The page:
Preserving Mexico’s Ancient Music
One of the greatest joys of traveling the world for Marina and I is discovering ancient cultures we never have even heard of. While we hope to discover all these great cultures all over the world, we realize this is a somewhat impossible task, and thats when we turn to our friends! Marina and I were very lucky to go to film school with some amazing filmmaking friends and are always excited to see the great projects they are working on all over the world.
Recently, our good friend Cole embarked on a very ambitious project “Sanctuary of Butterflies“, but one well worth the time and energy, to preserve and protect the ancient music of Mexico with Luis Perez, one of the last musicians truly working to preserve this ancient art form. We recently spoke to Cole and Luis to learn more about their project and the amazing history of the music they are dedicated to preserve.
What’s the film about?
Sanctuary of Butterflies is about the need for preservation of cultural traditions throughout Mexico and the impact of such traditions in contemporary urban societies. Music and dance are important forms of expression rooted in thousands of years of traditions, but they are now threatened due to the voracity of modern societies represented by corporate greed and corruption in a globalized world out of balance. Luis Perez-Ixoneztli takes us on a journey across Mexico to experience and learn from a wide variety of unique cultures while they still exist.
Check out the trailer to their amazing project!
Help these guys meet their Kickstarter goal so they can make this amazing film – because we really want to watch it!
Who is Luis Perez-Ixoneztli?
Luis Perez-Ixoneztli has contributed to the world of Mexican music by incorporating native musical instruments into a contemporary musical language, while paving a unique path for new generations of musicians. He believes that the most important part of his musical contribution is bringing back attention to the sheer wealth of native Mexican musical instruments. His first work, En el Ombligo de la Luna, perhaps the ultimate fusion involving Pre-Columbian instruments and electronics, has recently been recognized after 33 years as a pioneering musical work and has been inducted into the National Archives of Mexican Music. In addition, the National Institute of Anthropology and History will be publishing his book next year on the methods involved in constructing instruments native to Mexico, specifically Pre-Columbian clay percussion and winds.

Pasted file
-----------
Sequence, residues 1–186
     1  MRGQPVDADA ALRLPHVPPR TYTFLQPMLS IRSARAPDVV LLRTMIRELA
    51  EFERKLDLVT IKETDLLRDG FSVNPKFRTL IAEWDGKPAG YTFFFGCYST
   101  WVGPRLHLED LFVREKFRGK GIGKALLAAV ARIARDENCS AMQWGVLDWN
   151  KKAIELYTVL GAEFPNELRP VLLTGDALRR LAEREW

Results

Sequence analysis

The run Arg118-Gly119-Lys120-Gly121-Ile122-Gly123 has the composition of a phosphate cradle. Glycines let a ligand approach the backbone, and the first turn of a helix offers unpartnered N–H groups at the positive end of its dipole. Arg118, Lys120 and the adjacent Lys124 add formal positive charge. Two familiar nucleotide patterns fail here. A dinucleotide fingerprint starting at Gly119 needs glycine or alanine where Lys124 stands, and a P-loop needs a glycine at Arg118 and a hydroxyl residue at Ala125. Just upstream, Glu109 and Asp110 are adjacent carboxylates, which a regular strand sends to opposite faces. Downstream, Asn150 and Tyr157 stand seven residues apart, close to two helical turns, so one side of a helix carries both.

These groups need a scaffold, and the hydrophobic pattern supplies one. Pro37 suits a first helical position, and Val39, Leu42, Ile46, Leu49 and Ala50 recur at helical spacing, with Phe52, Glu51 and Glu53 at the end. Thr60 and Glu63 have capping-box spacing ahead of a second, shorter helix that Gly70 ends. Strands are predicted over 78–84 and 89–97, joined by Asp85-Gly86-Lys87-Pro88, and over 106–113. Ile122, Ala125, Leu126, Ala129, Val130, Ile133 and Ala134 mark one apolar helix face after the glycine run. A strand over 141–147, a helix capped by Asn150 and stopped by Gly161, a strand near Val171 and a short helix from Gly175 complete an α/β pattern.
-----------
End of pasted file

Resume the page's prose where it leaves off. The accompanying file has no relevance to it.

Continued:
Luis’ vast array of archaeological artifacts, some dating over 3000 years old, and ethnographic instruments, still in use by numerous diverse ethnic communities, have been displayed in various museums in both Mexico and the United States.
In his youth, Luis went on a series of trips very similar to the one we have planned. Over the course of those trips, he traded songs, learned dances, collected ethnographic as well as ancient Pre-Columbian instruments, and was inspired by the cultures he encountered to the point of changing his life’s musical direction.
Luis’ collection of native Mexican instruments includes archaeological artifacts representative of the different cultural regions in the area known as Mesoamerica. Some of the instruments date back more than 3000 years and are preserved in excellent condition. Found in archaeological excavations, these instruments were once used in the ancient past by ministers of music as vehicles of communication between the material and the spiritual realms. They were buried to prevent their destruction from invaders and have remained silent for thousands of years until it was time for them to rise and, through the breath of a musician, speak again. Luis regularly uses these instruments in his recordings and lectures.
Photos copyright Oscar Colorado Nates and Cole Smothers.